If one follows The New York Times and The Wall Street Journal stories about amazing auction results and over-the-top prices commanded by artists who have just barely earned their Master of Fine Art degrees, it is easy to believe that everyone, everywhere is buying very expensive and “important” art by “significant” dead, established, and emerging artists.
However, the truth is that the art market is varied and multi-faceted and, in some ways, a mysterious place—and it is not a place that is reserved only for the rich and famous.
Individuals who choose to spend their money on a work of art, or several artworks, do so for a number of reasons. The ones who make the news are part of a rarefied group of notable “collectors”—those who make purchases based on the focus of a particular collection and with the hope that the newest addition to said collection will grow significantly in value. These headline-grabbing buys from famed auction houses such as Christie’s and Sotheby’s in New York—for instance, Jackson Pollock, Number 19, 1948, which sold at Christie’s evening auction last May for a hammer price of $52 million (total price including Christie’s premiums brought that number to $58 million, plus)—are often very costly because, in reality, if you want to own art that is likely to grow in value, you must make a substantial investment at the time of purchase.
More recent big auction news includes the sale of Jeff Koons’s Balloon Dog (Orange), which sold at Christie’s for $58.4 million in November, 2013. In fact, the month of November saw more than $1.1 billion spent on twentieth century art, through New York’s two leading auction houses, setting new records. The most expensive auctioned artwork of all, Francis Bacon’s 1969 triptych, Three Studies of Lucian Freud, was sold to an anonymous buyer for $142.4 million following a seven-way bidding war. In December, Norman Rockwell’s Saying Grace set the record for one of the most expensive American paintings ever sold at auction, fetching $46 million at Sotheby’s New York. The following day at Christie’s, an anonymous buyer set a different record for the purchase of Edward Hopper’s Depression-era work, East Wind Over Weehawken, which sold for $40.5 million.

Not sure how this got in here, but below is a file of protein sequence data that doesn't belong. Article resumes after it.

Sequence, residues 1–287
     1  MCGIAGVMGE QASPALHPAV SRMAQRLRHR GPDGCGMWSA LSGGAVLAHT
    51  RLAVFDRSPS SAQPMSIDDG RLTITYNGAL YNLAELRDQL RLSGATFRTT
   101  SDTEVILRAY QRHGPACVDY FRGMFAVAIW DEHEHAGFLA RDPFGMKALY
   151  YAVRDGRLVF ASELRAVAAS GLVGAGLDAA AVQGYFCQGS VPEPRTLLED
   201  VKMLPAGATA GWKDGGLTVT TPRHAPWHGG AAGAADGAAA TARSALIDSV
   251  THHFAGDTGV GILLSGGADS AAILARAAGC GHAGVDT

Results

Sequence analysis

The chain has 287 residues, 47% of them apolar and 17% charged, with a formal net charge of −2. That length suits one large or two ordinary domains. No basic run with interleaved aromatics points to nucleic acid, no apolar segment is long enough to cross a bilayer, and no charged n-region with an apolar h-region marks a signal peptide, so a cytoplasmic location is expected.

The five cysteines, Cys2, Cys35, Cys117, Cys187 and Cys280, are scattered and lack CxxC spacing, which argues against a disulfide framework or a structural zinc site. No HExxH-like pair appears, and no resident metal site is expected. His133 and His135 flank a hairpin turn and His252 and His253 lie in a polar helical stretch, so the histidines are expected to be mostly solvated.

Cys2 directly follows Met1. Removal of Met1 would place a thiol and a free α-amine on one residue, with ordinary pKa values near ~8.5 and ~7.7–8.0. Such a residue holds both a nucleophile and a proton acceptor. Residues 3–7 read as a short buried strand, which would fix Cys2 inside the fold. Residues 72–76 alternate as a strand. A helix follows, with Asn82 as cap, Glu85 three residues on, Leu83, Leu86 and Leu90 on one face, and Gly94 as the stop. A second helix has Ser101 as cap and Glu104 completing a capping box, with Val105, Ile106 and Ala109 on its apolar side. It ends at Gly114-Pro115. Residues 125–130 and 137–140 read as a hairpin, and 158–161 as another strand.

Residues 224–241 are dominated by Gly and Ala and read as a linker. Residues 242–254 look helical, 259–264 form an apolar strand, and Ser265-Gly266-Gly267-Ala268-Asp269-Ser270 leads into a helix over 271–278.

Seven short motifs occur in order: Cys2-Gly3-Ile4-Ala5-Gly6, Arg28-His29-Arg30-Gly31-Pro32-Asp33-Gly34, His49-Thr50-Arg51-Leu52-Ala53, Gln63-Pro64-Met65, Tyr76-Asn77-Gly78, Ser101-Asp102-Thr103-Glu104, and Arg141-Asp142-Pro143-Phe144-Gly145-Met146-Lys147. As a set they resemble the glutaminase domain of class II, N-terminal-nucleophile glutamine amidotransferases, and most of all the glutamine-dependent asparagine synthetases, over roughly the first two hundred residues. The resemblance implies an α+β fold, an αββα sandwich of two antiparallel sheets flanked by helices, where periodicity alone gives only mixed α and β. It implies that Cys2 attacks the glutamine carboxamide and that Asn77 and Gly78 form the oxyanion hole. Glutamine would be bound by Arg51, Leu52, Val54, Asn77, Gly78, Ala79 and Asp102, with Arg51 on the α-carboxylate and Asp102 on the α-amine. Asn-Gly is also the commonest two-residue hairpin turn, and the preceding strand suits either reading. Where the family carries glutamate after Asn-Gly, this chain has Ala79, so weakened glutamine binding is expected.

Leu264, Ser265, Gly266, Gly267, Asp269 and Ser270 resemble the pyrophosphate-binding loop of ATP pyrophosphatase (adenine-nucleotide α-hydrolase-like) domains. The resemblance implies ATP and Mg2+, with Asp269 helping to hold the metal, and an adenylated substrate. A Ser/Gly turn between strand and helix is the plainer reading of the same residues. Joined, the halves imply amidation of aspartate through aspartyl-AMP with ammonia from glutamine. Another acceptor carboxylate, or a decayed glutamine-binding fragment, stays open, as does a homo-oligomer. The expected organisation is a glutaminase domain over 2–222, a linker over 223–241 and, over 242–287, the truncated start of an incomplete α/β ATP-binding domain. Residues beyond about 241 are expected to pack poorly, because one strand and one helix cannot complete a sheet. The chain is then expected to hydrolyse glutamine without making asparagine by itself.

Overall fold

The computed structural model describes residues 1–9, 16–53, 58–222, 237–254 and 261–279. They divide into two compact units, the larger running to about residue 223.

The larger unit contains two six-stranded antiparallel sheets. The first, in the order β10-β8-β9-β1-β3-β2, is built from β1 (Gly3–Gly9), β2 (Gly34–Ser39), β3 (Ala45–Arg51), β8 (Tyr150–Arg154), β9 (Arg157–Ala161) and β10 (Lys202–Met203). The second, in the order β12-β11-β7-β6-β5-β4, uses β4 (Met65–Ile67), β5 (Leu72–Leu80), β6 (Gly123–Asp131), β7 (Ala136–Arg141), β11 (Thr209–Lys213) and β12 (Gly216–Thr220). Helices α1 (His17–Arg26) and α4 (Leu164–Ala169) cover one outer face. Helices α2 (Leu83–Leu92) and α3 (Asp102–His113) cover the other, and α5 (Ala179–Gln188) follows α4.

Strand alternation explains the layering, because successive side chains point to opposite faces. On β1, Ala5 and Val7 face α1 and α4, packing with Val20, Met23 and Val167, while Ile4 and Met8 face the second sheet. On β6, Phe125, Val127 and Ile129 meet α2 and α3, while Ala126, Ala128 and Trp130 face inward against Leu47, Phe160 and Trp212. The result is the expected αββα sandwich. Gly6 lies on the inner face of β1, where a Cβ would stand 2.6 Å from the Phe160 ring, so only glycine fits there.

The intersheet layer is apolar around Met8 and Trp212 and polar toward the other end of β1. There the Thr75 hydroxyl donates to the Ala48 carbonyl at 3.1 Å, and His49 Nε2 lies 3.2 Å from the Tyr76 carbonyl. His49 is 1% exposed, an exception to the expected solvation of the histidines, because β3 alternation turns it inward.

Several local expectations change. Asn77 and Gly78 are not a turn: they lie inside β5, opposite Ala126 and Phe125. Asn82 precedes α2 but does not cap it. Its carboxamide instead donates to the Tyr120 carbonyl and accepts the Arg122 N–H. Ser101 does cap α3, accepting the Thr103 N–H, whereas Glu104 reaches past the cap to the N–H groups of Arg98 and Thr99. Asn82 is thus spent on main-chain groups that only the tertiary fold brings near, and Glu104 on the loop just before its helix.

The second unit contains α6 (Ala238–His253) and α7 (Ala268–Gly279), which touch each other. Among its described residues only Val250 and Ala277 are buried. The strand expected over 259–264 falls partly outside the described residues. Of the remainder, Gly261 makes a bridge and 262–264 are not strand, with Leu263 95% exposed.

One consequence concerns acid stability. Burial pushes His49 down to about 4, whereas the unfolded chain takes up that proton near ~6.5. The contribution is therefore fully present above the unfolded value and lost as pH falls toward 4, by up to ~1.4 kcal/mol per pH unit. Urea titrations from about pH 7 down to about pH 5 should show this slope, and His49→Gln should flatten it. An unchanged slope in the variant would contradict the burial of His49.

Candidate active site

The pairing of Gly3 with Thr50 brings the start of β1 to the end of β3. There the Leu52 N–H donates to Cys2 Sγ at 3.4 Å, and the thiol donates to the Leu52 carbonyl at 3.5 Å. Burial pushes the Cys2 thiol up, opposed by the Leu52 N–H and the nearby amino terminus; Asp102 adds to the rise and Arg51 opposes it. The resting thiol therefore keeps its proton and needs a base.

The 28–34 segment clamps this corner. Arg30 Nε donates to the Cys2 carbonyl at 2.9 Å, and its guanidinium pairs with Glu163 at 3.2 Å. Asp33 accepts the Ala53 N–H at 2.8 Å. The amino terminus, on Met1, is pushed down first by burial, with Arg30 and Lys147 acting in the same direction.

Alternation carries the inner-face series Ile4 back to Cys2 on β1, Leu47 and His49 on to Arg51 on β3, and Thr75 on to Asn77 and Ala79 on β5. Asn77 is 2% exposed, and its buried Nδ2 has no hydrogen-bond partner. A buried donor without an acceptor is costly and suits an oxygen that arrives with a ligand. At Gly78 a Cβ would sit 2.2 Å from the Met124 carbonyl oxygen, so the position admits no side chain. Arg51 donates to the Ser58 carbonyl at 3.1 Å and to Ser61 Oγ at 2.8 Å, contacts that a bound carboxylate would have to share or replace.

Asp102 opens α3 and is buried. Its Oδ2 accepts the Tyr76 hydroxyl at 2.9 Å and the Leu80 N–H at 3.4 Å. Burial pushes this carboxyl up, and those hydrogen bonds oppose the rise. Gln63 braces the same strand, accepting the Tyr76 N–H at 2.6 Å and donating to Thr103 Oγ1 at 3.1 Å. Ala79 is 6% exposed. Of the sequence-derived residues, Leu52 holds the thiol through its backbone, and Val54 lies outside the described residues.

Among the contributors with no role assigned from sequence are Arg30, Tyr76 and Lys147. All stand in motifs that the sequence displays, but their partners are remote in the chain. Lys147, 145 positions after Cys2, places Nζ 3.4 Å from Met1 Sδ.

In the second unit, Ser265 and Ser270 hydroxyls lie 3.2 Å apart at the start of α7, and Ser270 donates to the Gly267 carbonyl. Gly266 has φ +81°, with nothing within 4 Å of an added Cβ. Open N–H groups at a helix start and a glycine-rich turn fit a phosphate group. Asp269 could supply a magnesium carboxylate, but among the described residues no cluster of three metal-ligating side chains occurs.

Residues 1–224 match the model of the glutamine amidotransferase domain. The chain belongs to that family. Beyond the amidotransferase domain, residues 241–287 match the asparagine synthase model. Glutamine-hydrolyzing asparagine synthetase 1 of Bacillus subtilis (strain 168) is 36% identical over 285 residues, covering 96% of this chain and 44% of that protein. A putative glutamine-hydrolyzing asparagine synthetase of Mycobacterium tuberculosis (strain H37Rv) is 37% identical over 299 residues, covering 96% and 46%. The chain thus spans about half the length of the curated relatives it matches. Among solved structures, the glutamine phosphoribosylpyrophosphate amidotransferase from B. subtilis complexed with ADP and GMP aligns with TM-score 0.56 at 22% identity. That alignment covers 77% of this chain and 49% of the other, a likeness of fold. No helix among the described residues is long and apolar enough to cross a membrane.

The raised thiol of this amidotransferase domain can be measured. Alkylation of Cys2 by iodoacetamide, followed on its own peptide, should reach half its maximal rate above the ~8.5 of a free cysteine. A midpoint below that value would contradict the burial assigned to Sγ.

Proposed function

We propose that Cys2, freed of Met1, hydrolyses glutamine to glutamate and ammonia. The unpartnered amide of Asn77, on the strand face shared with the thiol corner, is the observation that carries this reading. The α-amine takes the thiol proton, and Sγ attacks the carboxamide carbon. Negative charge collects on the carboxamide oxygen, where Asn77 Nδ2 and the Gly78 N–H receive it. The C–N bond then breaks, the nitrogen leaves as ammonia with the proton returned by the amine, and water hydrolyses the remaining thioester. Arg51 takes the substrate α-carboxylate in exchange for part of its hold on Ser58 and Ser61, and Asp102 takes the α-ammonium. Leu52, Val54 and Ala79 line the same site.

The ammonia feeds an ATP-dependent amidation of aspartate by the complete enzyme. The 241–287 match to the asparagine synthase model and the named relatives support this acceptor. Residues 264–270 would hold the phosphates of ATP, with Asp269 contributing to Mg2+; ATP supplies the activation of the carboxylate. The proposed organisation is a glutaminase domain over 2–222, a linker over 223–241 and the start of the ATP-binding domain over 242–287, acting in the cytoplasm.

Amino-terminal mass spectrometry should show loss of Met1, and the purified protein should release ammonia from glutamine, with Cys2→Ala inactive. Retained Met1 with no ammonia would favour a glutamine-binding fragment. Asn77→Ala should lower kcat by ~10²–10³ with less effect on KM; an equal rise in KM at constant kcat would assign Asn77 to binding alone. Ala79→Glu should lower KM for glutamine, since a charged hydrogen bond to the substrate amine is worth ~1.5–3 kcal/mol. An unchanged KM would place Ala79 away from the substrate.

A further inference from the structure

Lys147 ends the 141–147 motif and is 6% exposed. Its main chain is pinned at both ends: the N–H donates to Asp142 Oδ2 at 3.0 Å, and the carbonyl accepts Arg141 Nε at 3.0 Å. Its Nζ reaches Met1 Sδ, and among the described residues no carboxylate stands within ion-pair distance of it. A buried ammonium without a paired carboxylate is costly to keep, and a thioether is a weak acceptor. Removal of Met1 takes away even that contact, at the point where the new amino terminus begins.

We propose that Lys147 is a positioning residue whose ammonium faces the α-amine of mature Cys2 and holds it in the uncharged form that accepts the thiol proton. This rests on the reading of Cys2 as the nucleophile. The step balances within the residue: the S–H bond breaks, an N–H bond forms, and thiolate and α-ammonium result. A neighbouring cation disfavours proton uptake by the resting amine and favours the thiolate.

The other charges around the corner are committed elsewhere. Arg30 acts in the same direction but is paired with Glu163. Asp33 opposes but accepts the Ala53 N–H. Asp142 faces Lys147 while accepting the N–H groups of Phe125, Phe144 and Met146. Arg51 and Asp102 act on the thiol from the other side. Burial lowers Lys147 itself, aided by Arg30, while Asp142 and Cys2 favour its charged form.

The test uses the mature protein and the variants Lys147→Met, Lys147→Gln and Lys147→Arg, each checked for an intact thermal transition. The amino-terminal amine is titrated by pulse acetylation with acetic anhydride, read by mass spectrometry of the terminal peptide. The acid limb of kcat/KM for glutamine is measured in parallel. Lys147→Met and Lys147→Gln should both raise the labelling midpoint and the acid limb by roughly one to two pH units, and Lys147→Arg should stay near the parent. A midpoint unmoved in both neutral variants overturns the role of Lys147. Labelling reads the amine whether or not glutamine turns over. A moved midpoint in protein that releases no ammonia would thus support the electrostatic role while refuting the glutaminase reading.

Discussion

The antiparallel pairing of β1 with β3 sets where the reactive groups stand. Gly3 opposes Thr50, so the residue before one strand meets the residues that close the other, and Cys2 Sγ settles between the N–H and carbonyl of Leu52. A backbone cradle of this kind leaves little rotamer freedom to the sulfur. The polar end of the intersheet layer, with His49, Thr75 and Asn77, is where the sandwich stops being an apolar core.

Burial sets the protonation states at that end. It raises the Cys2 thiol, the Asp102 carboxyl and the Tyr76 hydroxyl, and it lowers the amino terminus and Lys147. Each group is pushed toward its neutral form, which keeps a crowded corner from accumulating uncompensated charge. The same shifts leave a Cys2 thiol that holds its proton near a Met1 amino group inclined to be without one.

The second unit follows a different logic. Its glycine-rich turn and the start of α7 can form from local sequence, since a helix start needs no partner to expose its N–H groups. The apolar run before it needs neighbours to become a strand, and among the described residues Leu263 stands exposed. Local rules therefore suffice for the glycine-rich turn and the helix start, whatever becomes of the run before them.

For those with a lot of money, art seems to be considered a safer place to spend it than the financial system. This market is fueled by buyers of all age groups and from different countries, with the greatest infusion of capital coming from what publisher of Art Ltd Magazine, Peter Fehler, calls the “BRIC” countries: Brazil, Russia, India, and China—and many of these buyers are in their late thirties and early forties. New York gallery owner and art dealer Hollis Taggart has said that he has seen this global demographic grow markedly in only the last three years. The art market has also drawn wealthy buyers from emerging markets in Asia, the Middle East, and Latin America. At its record-breaking November sale, Christie’s registered bidders from 42 countries. The art market has indeed globalized. When asked if her clientele is scattered around the globe, Gretchen Berggruen, of San Francisco’s Berggruen Gallery, responded with an exuberant “Yes!”
But being a collector is not exclusive to buyers with big budgets. Many enthusiasts have turned their search for art into a passion and a pastime.
The quest can be all consuming and a very important part of their lives. The joy of finding an aesthetically enticing and mind-expanding work created by a talented artist is a thrill that only an original art purchase can provide—at any price level.
Top San Francisco consultant Tom O’Connor has a client base that has come from both the world of technology and the world of finance. Most are new homeowners who have wall space to fill and, thus, plenty of room for collecting. This group seems to be quite thoughtful in its choices and somewhat conservative in its decisions, based on what a client enjoys owning and viewing in his or her daily life. For the most part, this type of buyer purchases what he likes and what he feels an emotional connection to; names and dollar amounts are not the driving forces behind the art selections.
These are the art buyers who frequent art galleries that feature mid-career artists whose works sell for $10,000 and upward, or the younger, emerging artists whose prices start well below that amount, and whose works can be found on one of the many, easily accessed art-purchasing websites.
Many art professionals had hoped that the all-pervasive technology sector living and working south of San Francisco would provide a huge boon for the local art community. It appears that this is not the case. Beyond a few well-known moguls (think Google, Oracle, or more specifically, Marissa Mayer of Yahoo and Marc Andreessen who co-founded Netscape), most of that area’s buying is geared in other directions. As high-profile Los Angeles/New York City art dealer Larry Gagosian sees it, “Art comes between buying the Ferrari and sending the kids off to college.”
In terms of big-ticket national or international sales, one highly regarded local specialist in the contemporary art field, who prefers to remain unnamed, says, “Hollywood still generates the excitement at auction while Silicon Valley’s impact is almost unnoticeable.”
Still, it is apparent that couples and singles who are emerging financially realize that buying art from artists who are also emerging brings a certain amount of status and position—with the ultimate reward of possibly seeing the artist they select today become tomorrow’s star—and patting themselves on the back when it happens.
Linda Zweig is an art consultant serving private and corporate clients. She has also worked with several auction houses, including Christie’s, New York, and Bonhams & Butterfields, San Francisco.